Can an Internet poll save the Russian opposition?

Aug 15, 2012

Russian opposition leaders are hoping a nationwide, online poll will help the country’s disparate political groups coalesce into a movement big enough to take on President Vladimir Putin’s United Russia Party, according to Reuters.

On 7 October, Internet users will be asked to pick the 45 most popular opposition figures to form a coordinating council to plan and organize mass rallies.

Anti-Putin forces held a steady stream of well-attended and well-covered anti-Kremlin protests following both parliamentary elections in December and the presidential balloting in March, but the opposition has been unable so far to establish clear leaders or develop a unified voice.

“This opposition has been demoralized because it has not been taking part in competitive processes for a long time,” said anti-corruption activist Alexei Navalny, according to Reuters.



While many government critics look to the Internet for political salvation, others are now just looking for a way out. Alexei Devyatkin, an activist with the Other Russia movement, is applying for political asylum in Ukraine with his wife, journalist Jenny Kurpen, RIA Novostireports, citing the human rights group Agora.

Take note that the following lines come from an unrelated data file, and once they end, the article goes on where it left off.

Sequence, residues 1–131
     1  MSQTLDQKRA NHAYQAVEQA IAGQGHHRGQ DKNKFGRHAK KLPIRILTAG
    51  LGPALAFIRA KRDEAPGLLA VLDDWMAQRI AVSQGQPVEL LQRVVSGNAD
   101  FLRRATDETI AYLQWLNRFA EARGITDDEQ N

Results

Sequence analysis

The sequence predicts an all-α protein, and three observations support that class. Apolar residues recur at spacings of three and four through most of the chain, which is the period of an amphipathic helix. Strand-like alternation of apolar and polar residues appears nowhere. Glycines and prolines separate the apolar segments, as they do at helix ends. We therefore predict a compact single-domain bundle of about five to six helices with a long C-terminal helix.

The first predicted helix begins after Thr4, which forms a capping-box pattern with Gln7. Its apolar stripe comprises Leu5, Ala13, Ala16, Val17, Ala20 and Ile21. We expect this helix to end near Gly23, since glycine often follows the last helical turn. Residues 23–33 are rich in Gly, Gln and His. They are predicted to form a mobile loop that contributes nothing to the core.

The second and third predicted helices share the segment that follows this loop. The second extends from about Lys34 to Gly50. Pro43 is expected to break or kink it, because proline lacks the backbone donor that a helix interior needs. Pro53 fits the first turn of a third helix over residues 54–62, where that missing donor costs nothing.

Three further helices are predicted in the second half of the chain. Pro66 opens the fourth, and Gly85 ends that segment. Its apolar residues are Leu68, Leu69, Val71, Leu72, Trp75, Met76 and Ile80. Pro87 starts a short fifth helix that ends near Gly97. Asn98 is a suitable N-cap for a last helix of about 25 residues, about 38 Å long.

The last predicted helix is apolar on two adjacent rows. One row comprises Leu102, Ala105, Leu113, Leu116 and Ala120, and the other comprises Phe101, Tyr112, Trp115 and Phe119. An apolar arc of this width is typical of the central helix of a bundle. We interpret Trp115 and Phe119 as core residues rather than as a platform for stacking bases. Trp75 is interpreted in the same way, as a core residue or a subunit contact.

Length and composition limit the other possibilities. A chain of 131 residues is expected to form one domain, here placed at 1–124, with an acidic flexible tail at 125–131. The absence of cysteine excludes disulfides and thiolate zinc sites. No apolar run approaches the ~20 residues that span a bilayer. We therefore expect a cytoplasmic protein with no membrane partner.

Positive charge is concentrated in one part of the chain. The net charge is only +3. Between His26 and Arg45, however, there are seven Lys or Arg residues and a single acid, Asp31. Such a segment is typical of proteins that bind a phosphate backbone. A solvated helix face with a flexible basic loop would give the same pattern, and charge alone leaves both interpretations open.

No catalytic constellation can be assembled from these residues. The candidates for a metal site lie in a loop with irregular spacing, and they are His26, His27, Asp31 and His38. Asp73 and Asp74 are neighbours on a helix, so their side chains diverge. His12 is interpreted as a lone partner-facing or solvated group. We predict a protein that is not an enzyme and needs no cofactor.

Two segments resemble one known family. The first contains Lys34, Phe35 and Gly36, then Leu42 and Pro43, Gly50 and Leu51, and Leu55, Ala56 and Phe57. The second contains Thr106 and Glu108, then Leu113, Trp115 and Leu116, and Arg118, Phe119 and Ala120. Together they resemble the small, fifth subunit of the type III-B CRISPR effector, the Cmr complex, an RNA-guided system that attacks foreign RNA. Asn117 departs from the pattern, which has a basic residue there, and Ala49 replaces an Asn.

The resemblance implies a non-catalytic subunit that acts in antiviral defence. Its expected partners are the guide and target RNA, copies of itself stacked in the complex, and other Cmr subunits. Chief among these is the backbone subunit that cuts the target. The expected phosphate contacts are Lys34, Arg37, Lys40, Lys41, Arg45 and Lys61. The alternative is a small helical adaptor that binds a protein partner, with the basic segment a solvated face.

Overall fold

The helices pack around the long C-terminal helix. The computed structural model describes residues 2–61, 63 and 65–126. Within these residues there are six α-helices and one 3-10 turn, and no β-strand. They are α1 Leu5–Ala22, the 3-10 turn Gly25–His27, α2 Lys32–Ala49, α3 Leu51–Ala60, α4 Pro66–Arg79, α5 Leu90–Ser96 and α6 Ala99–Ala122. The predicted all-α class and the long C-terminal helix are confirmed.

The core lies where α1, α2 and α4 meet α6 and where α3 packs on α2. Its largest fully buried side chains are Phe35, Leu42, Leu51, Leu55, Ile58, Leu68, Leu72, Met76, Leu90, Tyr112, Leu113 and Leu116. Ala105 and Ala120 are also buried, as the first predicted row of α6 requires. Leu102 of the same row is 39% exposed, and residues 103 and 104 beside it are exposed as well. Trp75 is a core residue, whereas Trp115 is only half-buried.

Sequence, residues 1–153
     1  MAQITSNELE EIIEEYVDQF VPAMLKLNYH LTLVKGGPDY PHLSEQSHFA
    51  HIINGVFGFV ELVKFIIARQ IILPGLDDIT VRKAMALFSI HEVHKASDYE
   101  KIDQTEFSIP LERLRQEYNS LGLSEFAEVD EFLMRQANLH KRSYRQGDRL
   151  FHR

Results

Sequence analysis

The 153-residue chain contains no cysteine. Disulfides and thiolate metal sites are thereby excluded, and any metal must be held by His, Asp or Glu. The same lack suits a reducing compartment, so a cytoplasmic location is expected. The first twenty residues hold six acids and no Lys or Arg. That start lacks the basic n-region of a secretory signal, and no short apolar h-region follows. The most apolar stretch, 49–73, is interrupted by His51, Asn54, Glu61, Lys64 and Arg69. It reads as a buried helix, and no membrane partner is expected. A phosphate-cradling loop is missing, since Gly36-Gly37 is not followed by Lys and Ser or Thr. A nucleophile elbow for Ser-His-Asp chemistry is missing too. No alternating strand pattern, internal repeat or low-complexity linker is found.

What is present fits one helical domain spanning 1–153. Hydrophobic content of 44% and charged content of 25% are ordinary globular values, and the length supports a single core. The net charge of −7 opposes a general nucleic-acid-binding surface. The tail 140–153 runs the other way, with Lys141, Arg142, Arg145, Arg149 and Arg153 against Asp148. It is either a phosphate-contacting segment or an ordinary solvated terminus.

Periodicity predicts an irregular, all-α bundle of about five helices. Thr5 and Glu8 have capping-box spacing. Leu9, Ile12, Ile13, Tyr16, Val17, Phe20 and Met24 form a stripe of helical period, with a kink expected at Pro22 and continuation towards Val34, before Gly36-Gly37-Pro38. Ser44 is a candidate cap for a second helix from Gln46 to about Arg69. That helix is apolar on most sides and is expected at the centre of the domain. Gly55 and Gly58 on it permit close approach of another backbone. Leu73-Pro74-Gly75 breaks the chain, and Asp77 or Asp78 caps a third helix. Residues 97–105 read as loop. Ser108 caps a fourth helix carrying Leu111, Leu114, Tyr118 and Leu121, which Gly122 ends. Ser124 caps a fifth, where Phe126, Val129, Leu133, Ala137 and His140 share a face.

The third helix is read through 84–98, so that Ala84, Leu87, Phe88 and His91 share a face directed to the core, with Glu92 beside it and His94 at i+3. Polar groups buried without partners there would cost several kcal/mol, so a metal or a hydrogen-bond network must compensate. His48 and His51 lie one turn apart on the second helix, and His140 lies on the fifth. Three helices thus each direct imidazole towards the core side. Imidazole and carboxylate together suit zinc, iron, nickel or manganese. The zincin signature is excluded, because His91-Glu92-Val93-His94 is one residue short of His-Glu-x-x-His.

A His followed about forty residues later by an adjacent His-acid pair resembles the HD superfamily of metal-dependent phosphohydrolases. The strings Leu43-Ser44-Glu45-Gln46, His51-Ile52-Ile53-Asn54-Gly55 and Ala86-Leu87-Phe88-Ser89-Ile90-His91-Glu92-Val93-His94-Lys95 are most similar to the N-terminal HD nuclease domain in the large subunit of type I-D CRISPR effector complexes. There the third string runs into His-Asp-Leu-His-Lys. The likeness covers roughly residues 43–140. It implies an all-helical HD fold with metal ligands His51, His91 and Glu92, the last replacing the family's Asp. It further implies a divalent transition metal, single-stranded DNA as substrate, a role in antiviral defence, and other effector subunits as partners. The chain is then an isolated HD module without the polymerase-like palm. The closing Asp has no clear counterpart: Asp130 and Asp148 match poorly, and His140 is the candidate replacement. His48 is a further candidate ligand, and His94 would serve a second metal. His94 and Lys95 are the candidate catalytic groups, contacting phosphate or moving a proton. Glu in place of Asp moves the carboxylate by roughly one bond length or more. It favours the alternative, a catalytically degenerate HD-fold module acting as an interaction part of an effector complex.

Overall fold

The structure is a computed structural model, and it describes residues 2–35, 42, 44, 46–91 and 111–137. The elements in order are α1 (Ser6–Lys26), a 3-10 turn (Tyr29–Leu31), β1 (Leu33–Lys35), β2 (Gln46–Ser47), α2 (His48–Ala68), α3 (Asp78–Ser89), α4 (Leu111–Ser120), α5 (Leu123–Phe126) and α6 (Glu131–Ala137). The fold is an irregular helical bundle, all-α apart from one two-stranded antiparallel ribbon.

The two were among 400 people detained in the wake of a violent 6 May anti-Putin rally in Moscow and they fled Russia after their release. The couple says they fear criminal prosecution even though they were picked up by police 20 minutes from where the violence broke out.

About the Author

Transitions Online

Transitions Online ( is an Internet magazine that covers political, social, cultural, and economic issues in the former communist countries of Europe and Central Asia. The magazine has a strong network of local contributors, who provide valuable insight into events in the region’s 29 countries.
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